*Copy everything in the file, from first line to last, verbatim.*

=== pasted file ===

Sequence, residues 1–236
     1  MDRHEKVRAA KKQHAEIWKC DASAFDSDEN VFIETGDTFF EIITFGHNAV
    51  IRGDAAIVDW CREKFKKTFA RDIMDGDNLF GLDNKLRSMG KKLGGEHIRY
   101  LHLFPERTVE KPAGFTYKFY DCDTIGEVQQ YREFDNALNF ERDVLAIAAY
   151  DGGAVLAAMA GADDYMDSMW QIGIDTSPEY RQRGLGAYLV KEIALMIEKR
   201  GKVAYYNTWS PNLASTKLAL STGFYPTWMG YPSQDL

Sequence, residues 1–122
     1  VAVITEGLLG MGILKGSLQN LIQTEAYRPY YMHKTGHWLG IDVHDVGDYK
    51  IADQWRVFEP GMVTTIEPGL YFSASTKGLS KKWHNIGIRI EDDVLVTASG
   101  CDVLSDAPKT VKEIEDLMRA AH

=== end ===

Sequence, residues 1–236
     1  MDRHEKVRAA KKQHAEIWKC DASAFDSDEN VFIETGDTFF EIITFGHNAV
    51  IRGDAAIVDW CREKFKKTFA RDIMDGDNLF GLDNKLRSMG KKLGGEHIRY
   101  LHLFPERTVE KPAGFTYKFY DCDTIGEVQQ YREFDNALNF ERDVLAIAAY
   151  DGGAVLAAMA GADDYMDSMW QIGIDTSPEY RQRGLGAYLV KEIALMIEKR
   201  GKVAYYNTWS PNLASTKLAL STGFYPTWMG YPSQDL

Sequence, residues 1–122
     1  VAVITEGLLG MGILKGSLQN LIQTEAYRPY YMHKTGHWLG IDVHDVGDYK
    51  IADQWRVFEP GMVTTIEPGL YFSASTKGLS KKWHNIGIRI EDDVLVTASG
   101  CDVLSDAPKT VKEIEDLMRA AH